History Boys
3 min

The Pope’s Ganymede

One of the most notorious homosexual scandals in the history of the papacy

These days, most new couples frown uncomfortably when having to tell their “how we met” story — “on an app” just doesn’t have the same ring to it. While I have no great fondness for those often retch-worthy tales (somebody runs somebody over, or spills coffee on somebody, and then they fall madly in love in the emergency room, or some such saccharine nonsense), I prefer them over the blandness of online and on-phone dating. Especially if their meet cute involves an ape and a future pope.

In about 1548, Giovanni Maria Ciocchi del Monte met his 15-year-old (or 16, or 17 — records are unclear) lover while the boy was fighting an ape on the dirty streets of Parma. Innocenzo, an ill-mannered beggar, was defending himself against the disgruntled pet. Del Monte’s heart was won and he quickly made the boy a cathedral provost. As a result, the boy’s nickname became “il provestino.”

When Pope Paul III died, the two main candidates to replace him — one supported by France, the other by the Holy Roman Emperor — were deadlocked. The conclave dragged on tediously and endlessly. Del Monte, an influential man who had served as governor of Rome and cardinal-bishop of Palestrina (helping to open the Counter Reformation Council of Trent in 1545), was elected as a compromise in 1550. He became Pope Julius III.

So began, as Louis Crompton writes in his essay on the now-defunct glbtq.com, “one of the most notorious homosexual scandals in the history of the papacy.” (I rely heavily on the redoubtable Crompton’s essay, and on his impressive 2003 book Homosexuality and Civilization for facts pertaining to Julius’s life and his relationship with Innocenzo.)

Julius decided the only place for his little Innocenzo was by his side. He arranged for his brother to adopt the teenage boy and, against the advice of various church leaders, he appointed his newly-minted nephew to two positions for which the boy was totally unqualified: “chief diplomatic and political agent” and cardinal (making nephews into cardinals — cardinal-nephews, as they were called — was a common practice, and is actually the source of the word “nepotism.”)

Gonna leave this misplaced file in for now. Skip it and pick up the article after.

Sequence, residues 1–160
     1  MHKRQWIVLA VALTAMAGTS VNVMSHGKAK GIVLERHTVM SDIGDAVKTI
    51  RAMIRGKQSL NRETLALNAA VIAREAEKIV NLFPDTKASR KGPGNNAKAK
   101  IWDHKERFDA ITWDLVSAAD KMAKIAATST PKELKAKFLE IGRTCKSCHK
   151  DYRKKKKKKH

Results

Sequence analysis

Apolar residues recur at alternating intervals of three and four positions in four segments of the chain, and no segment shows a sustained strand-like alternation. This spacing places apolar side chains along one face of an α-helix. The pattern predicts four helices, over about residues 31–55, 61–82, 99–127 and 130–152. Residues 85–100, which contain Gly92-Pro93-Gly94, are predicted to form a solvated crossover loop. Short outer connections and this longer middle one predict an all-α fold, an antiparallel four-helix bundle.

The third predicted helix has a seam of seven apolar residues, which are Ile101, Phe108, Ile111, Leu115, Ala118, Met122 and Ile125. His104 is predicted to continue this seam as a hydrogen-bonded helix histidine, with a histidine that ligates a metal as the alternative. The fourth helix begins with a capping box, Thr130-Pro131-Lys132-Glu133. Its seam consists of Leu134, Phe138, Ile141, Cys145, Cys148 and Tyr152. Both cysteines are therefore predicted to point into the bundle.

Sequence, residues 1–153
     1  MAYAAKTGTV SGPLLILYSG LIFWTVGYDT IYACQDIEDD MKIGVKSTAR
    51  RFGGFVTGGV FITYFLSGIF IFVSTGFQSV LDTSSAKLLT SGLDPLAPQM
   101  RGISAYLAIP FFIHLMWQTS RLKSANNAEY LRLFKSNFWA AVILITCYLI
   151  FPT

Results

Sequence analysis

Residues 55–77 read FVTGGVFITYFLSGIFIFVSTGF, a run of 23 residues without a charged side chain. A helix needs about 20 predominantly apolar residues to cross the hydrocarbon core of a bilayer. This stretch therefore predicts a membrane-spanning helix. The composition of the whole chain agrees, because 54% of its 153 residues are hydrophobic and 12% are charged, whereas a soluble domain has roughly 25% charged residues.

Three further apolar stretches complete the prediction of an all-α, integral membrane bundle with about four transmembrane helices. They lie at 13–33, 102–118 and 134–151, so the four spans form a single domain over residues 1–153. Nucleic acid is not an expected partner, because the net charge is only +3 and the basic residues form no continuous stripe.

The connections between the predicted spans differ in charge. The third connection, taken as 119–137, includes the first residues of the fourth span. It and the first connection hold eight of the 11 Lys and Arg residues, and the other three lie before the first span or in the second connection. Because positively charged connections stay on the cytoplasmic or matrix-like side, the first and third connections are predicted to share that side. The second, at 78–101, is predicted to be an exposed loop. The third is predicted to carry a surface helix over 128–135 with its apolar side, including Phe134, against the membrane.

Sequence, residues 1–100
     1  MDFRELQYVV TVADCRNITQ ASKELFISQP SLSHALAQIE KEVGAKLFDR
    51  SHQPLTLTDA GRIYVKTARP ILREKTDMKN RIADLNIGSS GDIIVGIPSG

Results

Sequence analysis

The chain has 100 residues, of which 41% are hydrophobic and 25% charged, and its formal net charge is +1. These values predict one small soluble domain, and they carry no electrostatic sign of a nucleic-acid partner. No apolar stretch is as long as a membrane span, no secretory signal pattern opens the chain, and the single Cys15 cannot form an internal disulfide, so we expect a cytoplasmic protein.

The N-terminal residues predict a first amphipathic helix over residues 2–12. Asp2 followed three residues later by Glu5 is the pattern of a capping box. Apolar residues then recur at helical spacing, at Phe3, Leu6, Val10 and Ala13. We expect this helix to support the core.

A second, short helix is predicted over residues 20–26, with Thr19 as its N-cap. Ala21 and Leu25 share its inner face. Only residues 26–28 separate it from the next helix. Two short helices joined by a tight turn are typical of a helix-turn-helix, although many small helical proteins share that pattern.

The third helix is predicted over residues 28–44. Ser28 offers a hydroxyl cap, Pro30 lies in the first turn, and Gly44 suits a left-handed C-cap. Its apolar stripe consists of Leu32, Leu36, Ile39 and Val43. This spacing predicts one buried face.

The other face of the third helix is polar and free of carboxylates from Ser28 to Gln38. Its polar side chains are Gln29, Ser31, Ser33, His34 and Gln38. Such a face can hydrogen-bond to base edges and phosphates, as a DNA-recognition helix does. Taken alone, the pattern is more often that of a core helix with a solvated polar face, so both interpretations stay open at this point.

In spite of his earlier work with the Counter Reformation, Julius was a pope who liked to party. He loved feasting, the theatre and hunting — he was a pleasure-seeking pope, much like the Renaissance popes who preceded him. His personal life seems to have been no exception. According to a Venetian ambassador, he slept in not only the same bedroom, but the same bed, as his cardinal-nephew.

Roman satirical writers had a heyday, describing  Innocenzo as Julius’s “Ganymede,” a reference to the hero from Greek mythology. Ganymede, whom Homer describes as the most beautiful mortal, is kidnapped by Zeus to be a cup-bearer on Olympus. Greek society used the myth as a model for pederasty, a socially acceptable sort of sexual relationship between a man and a boy. Poet Joachim du Bellay, in his series Les regrets (1558), calls Innocenzo “a Ganymede wearing the red hat on his head.”

Protestants lapped this stuff up, too. For more than 100 years, long after Julius and Innocenzo’s deaths, they used the story of this odd, famous pair in arguments against the papacy. Crompton gives a sense of some of what was said, such as that, while waiting for Innocenzo to arrive in Rome and take up his post as cardinal, Julius showed “the impatience of a lover awaiting a mistress.” They also said Julius bragged of the boy’s “prowess in bed.”

Julius was pope for only five years, dying in 1555. But the 20-something Innocenzo, who was now rich and influential, hung around for a while longer, now with the nickname “Cardinal-Monkey.” He was a thorn in the sides of succeeding popes, who did their best to keep the wild young man under control. He was banished repeatedly for such crimes as murder and rape. By the time he died, in 1577, his influence had ebbed to practically nothing.

His body lies near that of his uncle and lover, Julius, in the del Monte family chapel in the church of San Pietro in Montorio, Rome.

(History Boys appears on Daily Xtra on the first and third Tuesday of every month. You can also follow them on Facebook.)

(Original illustration by Yigi Chang.)